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Mankiw's Misleading Defense Of Paul Ryan

Former Bush economic advisor Greg Mankiw, writing in the New York Times, picks up the GOP talking point that Paul Ryan's plan to radically alter Medicare is really a pretty familiar bipartisan idea being blown out of propotion:

Representative Paul D. Ryan, Republican of Wisconsin, has attracted much attention with his plan to reform Medicare. He proposes replacing the current fee-for-service program, in which the government picks up the bill for medical expenses, with a “premium-support” system in which seniors use federal dollars to choose among competing private insurance plans.
Democratic critics of the plan suggest that enacting it would be akin to pushing Grandma over a cliff. But they rarely point out that the premium-support model is in some ways similar to the system set up under President Obama’s health care law. If choosing among competing private plans on a government-regulated exchange is a good idea for someone at age 50, why is it so horrific for someone who is 70?

This is deeply misleading. Ryan's plan does two things to Medicare that liberals find objectionable. The first is that it transforms it from a single-payer system into subsidies for private insurance. Liberal object to this because that transformation would, as the Congressional Budget Office projects, increase the cost of health insurance. It would interject a costly insurance bureaucracy into the system, and decrease the leverage of the insurer, by fragmenting the market into private insurers who lack Medicare's bargaining power.

Now, it's certainly true that liberals, who couldn't pass universal single payer health care, prefer giving people medical coverage through regulated private insurance subsidies than letting them go without coverage at all. That's why liberals support the Affordable Care Act vis a vis the status quo. But that is not the same thing as liberals agreeing that private insurance is better than single payer health care. Thus Mankiw's claim that the ACA demonstrates "agreement about the value of private competition" is clearly false.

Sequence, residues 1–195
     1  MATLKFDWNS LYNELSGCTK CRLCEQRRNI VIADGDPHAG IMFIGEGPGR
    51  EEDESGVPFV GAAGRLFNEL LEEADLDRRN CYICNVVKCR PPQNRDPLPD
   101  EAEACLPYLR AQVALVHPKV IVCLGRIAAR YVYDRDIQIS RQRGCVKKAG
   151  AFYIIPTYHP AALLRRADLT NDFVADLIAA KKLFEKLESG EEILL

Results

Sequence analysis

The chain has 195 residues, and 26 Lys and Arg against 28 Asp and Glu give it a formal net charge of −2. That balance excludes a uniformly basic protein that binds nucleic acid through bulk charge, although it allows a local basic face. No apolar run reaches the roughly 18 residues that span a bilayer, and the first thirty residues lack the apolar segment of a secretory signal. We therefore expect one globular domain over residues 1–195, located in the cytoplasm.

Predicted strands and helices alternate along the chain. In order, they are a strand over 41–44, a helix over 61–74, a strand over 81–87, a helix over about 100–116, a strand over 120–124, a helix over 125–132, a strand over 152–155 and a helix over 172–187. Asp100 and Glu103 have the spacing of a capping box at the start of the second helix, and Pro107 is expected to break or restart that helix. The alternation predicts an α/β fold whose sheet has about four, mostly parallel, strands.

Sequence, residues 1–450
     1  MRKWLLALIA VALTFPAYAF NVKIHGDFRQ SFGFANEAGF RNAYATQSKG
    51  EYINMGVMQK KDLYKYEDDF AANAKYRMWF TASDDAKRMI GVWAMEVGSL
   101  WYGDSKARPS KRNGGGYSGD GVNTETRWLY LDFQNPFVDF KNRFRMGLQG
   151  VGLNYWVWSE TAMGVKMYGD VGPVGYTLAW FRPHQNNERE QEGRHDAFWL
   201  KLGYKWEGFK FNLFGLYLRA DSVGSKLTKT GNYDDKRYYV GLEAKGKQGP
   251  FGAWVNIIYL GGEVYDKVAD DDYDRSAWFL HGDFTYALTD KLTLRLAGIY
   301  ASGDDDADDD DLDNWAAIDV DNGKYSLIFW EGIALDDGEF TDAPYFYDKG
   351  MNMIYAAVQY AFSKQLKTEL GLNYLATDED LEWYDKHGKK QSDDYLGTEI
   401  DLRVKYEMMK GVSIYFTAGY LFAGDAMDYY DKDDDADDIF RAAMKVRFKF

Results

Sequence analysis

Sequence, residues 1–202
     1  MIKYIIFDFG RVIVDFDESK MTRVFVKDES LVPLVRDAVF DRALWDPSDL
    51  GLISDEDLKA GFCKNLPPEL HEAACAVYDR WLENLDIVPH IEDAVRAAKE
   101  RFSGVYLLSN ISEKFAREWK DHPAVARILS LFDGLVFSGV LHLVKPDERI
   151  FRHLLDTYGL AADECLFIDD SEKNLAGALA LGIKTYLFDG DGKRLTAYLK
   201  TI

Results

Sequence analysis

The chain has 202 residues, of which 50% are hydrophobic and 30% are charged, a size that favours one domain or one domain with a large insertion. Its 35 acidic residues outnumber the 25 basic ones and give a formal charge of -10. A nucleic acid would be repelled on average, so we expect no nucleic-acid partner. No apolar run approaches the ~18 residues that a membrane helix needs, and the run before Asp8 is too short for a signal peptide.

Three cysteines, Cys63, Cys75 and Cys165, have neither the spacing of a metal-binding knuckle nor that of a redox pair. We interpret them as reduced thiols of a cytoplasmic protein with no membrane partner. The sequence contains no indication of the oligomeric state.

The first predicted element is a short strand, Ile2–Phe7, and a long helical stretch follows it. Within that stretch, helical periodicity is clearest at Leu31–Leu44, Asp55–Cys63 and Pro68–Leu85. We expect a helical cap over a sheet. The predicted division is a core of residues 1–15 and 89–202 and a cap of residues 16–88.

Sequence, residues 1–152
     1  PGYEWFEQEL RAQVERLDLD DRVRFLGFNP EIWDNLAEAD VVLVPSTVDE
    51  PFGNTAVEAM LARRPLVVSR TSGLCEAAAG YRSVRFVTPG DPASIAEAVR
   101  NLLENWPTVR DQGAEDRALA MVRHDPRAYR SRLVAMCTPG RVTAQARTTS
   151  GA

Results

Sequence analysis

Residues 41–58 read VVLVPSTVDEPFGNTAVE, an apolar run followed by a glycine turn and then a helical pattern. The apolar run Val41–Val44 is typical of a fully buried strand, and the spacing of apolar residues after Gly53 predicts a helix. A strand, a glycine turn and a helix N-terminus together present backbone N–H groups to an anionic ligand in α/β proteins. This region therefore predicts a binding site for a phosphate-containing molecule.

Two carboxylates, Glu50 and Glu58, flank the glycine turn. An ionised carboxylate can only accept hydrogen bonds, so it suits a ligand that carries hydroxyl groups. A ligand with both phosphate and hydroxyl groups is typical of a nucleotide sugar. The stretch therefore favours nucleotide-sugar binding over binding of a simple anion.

Second, the subsidies in Ryan's plan, unlike the subsidies in the Affordable Care Act, would fall far below the value of private insurance. This is a major part of the objection, but Mankiw treats it as though it doesn't exist. Even if liberals did prefer to turn Medicare into a private insurance voucher, they would strongly object to his plan to make the vouchers grossly and increasingly inadequate to the cost of a plan. Likewise, conservatives agree that the rich should pay some taxes, but they would object to making them pay a 98% tax rate. Mankiw's logic would present this objection as hysterical partisanship -- we all agree the rich should pay taxes, so what's the problem?

Ryan has been hitting Mankiw's second point hard, pretending the only thing he does is to transform Medicare into private insurance subsidies, rather than to privatize Medicare and radically slash its value. Mankiw may share Ryan's ideological values and thus have reasons to wish to discredit critics of his program, but he should refrain from misleading people about the criticism.